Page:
The National Education Trust (NET) is looking to increase partnerships for the construction and upgrading of schools.
Addressing a recent JIS Think Tank, Chief Executive Officer of the NET, Paul Matalon, said that the Trust intends to enhance collaboration with the church and the Diaspora. Education, he pointed out, has been the largest beneficiary of Diaspora grants over the last 40 years.
“It’s done through relationships with parent teachers associations (PTA), through boards and principals… so we’re looking at the Diaspora to integrate them through NET to direct their philanthropy,” he stated.
Mr. Matalon said that there has been a “re-birth” of the partnership with the church, through provision of infrastructure, teaching, and school management, to enhance the school system. He noted that the church is a key partner in the building of the Cedar Grove High School in St. Catherine, for which contract was signed earlier his year, with the New Testament Church of God providing the land for the project.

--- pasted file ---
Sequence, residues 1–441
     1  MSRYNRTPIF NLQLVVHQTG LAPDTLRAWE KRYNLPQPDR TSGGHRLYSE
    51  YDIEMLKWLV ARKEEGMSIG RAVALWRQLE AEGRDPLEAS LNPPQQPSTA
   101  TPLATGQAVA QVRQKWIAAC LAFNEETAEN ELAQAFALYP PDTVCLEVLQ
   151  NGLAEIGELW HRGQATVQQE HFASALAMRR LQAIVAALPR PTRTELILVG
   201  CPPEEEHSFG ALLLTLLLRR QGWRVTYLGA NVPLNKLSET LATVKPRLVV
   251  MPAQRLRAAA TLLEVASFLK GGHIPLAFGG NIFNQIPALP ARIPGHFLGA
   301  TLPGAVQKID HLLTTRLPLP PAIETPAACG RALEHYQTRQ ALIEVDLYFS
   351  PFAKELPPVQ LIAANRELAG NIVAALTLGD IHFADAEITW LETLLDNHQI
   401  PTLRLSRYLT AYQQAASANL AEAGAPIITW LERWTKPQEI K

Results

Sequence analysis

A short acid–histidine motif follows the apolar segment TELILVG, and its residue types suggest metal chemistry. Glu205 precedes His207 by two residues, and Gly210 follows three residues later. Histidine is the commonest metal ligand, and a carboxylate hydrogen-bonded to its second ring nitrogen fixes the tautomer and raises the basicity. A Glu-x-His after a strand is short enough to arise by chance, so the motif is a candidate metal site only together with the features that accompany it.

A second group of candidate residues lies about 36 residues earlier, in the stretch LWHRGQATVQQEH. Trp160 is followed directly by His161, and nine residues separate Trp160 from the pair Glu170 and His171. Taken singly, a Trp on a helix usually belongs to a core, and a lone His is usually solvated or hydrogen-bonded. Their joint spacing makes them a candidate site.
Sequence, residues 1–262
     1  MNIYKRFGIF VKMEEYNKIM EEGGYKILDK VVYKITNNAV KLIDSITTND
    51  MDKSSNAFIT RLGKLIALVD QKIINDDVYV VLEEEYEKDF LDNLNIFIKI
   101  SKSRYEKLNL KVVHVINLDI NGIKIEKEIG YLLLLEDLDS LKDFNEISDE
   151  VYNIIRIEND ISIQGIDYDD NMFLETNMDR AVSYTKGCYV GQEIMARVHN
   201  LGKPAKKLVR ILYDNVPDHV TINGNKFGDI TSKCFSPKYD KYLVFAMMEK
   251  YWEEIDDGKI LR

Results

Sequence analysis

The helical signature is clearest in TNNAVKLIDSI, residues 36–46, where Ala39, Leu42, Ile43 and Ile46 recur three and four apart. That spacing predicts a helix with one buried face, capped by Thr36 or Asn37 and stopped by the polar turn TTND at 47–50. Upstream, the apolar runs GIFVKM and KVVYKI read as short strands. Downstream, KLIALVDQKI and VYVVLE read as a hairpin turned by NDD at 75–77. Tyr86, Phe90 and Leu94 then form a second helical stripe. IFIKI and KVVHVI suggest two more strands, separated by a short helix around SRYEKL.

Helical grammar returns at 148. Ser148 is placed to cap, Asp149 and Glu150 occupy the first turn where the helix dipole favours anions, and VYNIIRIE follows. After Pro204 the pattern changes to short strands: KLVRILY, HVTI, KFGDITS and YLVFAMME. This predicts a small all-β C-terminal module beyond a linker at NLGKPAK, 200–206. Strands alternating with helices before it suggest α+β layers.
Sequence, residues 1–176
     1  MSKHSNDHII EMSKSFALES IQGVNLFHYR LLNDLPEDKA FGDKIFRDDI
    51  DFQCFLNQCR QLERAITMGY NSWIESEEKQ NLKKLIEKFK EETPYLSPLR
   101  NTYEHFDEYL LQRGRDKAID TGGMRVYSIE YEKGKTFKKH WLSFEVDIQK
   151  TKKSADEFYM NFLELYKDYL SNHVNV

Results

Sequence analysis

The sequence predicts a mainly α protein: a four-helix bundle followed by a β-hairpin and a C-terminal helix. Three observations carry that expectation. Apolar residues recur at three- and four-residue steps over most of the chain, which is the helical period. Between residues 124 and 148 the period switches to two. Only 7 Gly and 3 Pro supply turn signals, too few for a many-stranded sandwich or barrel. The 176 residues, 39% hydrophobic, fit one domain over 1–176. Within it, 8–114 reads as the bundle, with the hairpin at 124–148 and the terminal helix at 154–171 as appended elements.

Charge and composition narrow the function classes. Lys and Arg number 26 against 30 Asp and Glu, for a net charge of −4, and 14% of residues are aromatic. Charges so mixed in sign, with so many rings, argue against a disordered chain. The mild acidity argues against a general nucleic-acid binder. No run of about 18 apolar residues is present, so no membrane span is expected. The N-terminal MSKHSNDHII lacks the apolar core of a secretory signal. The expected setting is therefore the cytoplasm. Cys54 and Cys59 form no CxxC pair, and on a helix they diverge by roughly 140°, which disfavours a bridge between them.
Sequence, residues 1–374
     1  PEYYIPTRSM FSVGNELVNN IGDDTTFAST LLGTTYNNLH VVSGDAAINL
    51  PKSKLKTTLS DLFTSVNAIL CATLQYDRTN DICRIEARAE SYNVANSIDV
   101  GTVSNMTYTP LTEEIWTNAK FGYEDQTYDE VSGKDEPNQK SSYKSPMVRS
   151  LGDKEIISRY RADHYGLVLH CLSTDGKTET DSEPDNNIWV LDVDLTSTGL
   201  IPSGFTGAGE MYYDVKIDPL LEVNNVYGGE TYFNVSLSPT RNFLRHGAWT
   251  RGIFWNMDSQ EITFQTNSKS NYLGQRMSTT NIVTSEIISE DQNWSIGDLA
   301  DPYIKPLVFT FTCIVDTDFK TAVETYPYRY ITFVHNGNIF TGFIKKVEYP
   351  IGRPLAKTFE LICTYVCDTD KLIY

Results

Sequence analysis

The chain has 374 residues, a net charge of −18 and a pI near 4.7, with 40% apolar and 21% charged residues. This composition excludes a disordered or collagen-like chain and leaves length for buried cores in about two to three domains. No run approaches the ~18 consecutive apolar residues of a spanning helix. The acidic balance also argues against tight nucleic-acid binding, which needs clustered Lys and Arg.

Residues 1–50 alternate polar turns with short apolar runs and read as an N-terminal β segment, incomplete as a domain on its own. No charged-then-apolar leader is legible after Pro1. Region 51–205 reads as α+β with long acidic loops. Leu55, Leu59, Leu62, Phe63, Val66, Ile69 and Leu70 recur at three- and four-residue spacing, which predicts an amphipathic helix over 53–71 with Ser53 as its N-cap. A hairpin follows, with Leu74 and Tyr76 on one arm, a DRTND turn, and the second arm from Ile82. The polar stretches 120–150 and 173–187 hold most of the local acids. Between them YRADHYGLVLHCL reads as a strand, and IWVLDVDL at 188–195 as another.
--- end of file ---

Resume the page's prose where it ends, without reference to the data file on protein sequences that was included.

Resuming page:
He informed that the Trust has also received donations of land from private persons. “We’ve had a visit from an ex-student of Clarendon College whose family is going to finance a physics laboratory at the college. These are the types of partnerships that will ensure the longevity of the education infrastructure,” he stated.
The Trust, established by the Government in 2010, is charged with working with the private sector and non-government organisations (NGO) to raise funds for the development and maintenance of education infrastructure. The aim is to eliminate the school space deficit at the primary and secondary levels and facilitate removal of the shift system.
In addition to the Cedar Grove School, the Trust took over completion of the Steer Town High School in St. Ann, and Belfield Primary in Manchester.
Mr. Matalon said that in carrying out its work the Trust will seek to raise funds on the private market so as to relieve government spending.